RASCI: What It Is and How To Use It for Project Management

There are many tools that help to organize projects, processes, and own tasks, such as ToDo lists, Kanban boards, spreadsheets, task management systems, chats, emails and various communication tools. And they all can be pretty effective. However, oftentimes, when organizing work, we do not think beyond the “task assignee” concept as we associate a task only with a person who’ll fulfill it.

But the reality of modern projects is much more complex, and many more people are involved, usually implicitly. This is where a responsibility assignment matrix (RAM), like RACI or RASCI, comes in handy. Such a matrix takes into account all the roles involved and makes it clear what roles and people are involved and in which way. In this post, we talk about the most popular responsibility assignment chart, benefits a team can get when using it, a step-by-step instruction to create such a chart for your team, and some RASCI matrix examples from our experience.

RASCI Matrix on Project Team Responsibilities and Accountabilities

What is the difference between RASCI and RACI?

RASCI and RACI are very similar tools used in project management, however, the difference is with the addition of the S for RASCI. The S, the supportive role, performs research, finds necessary information or helps with various other parts of a project as needed or requested. Many businesses use RACI interchangeably with RASCI while still having a support person or group available to assist with projects.

Sometimes, the person in the supporting role is also responsible for performing the task, and so the R and S of RASCI may be the same person. Other times, this person only has the job of supporting, and they may assist the R person instead.

What is RASCI?

The RASCI Matrix, which is also known as the RASCI Responsibility Matrix, is a project management tool that businesses can use to see what different roles or assignments people or organizations have during a project, task or process. Businesses may use the matrix to avoid any confusion about which employee is handling which task and to ensure they assign a specific person to each task when needed. RASCI stands for Responsible, Accountable, Supporting, Consulted and Informed. The five categories that RASCI uses helps to describe each persons various project roles. The five categories and what they mean are:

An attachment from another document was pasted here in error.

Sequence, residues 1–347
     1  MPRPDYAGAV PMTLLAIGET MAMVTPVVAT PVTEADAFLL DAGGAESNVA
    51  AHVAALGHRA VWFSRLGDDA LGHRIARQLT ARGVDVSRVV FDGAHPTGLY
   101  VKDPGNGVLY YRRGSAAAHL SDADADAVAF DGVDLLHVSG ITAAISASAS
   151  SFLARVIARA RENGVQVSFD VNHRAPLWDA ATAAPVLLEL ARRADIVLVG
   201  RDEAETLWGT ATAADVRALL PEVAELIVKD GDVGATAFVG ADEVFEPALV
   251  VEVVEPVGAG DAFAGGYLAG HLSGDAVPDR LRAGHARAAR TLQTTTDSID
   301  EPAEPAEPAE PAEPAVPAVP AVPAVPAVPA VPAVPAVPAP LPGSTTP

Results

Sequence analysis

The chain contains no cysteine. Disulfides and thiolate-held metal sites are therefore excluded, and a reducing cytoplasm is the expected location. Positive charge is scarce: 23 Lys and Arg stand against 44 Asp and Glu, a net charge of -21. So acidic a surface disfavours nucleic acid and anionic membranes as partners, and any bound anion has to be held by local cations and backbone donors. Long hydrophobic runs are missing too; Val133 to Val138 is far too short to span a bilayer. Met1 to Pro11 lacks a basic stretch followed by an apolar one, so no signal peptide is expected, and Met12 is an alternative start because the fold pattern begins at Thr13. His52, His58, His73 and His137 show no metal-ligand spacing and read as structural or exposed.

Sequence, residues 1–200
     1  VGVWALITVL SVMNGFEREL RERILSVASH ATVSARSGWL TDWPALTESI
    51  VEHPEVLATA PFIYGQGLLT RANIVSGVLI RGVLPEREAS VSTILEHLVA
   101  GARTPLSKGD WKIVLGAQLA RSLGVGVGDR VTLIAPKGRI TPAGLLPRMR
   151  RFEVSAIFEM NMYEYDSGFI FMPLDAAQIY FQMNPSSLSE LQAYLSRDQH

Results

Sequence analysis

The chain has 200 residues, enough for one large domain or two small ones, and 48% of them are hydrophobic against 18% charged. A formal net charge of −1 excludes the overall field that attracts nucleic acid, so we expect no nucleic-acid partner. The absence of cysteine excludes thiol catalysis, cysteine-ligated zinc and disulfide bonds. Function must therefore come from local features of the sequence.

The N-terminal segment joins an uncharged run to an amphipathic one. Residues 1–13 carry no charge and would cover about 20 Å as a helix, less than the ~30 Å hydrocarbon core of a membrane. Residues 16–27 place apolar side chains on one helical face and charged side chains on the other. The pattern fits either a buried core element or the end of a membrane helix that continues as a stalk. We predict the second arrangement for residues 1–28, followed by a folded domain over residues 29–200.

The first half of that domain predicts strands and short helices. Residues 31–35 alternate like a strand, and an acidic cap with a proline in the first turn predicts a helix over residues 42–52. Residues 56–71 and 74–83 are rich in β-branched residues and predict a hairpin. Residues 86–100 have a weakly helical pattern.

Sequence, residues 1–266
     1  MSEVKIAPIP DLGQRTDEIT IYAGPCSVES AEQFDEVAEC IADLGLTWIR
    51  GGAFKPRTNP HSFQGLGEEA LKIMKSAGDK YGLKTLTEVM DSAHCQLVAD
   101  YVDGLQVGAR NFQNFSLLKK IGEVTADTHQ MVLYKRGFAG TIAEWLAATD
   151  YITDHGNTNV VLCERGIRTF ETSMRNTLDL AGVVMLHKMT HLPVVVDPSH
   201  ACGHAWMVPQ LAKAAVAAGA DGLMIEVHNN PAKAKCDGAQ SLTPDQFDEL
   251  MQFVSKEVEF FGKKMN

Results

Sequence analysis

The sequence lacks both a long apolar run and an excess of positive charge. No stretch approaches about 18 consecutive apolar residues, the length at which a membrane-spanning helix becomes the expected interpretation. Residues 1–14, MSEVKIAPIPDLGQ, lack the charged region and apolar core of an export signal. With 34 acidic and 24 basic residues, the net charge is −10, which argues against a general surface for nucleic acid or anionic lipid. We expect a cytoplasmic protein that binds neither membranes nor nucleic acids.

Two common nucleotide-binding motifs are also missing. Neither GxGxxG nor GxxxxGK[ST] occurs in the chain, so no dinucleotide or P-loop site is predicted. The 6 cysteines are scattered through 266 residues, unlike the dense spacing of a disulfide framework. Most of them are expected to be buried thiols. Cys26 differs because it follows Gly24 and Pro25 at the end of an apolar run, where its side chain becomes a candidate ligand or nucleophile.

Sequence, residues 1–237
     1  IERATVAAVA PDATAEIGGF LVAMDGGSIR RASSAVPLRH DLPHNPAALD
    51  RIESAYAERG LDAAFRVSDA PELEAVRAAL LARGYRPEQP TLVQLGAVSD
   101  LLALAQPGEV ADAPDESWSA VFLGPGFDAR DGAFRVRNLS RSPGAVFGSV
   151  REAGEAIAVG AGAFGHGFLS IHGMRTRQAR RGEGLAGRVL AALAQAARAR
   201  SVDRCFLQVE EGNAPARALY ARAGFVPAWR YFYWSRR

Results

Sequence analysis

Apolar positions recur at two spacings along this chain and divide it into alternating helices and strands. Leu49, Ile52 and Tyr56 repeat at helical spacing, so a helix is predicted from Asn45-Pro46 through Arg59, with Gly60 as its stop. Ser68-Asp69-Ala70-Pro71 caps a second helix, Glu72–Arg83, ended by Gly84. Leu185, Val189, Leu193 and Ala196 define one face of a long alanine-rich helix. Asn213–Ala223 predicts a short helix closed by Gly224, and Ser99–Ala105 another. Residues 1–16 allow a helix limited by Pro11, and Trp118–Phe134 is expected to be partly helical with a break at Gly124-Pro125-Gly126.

Its important to remember that one person could be more than one part of the RASCI Matrix on different tasks within a single project. For example, within the same project, one person might be an R on email creation and also an A on networking. Similarly, for larger projects with many tasks or for those tasks that are especially labor-intensive, its common for there to be more than one person from the same branch of the RASCI Matrix assigned to the same task. For instance, there could be two Ss assisting one R depending on the task they need to complete.

What are the benefits of RASCI?

Using RASCI can help a business project by allowing for a smoother workflow and a much clearer division of labor. Here are some of the many benefits of using RASCI:

How to use RASCI

There are several steps involved in using the RASCI Matrix so that your company can make the best of it. These steps are:

Tips for using RASCI

Some tips you can use when using the RASCI matrix include:


What is the RASCI stand for?

RASCI is an acronym derived from the five key criteria most typically used: Responsible, Accountable, Supporting, Consulted and Informed. Relevance to SUMP – A RASCI matrix can be used to clarify responsibilities during the preparation and the implementation of a SUMP, for example, in the context of stakeholder.

What is difference between RACI and RASCI?

In essence, they do mean the same thing. There is only one minor difference, that is, the extra ‘S’ in ‘RASCI’, which stands for ‘Support’. Some organizations prefer to use the RACI version. Here, only the Responsible, Accountable, Consulted, and Informed parties are involved.

What is the meaning of RASCI in stakeholders Matrix?

Also referred to as the RACI matrix, it’s used to clarify employee roles and responsibilities for each task, milestone and decision that takes place throughout a project. The chart is designed to ensure clear communication and smooth workflows across all parts of a team.


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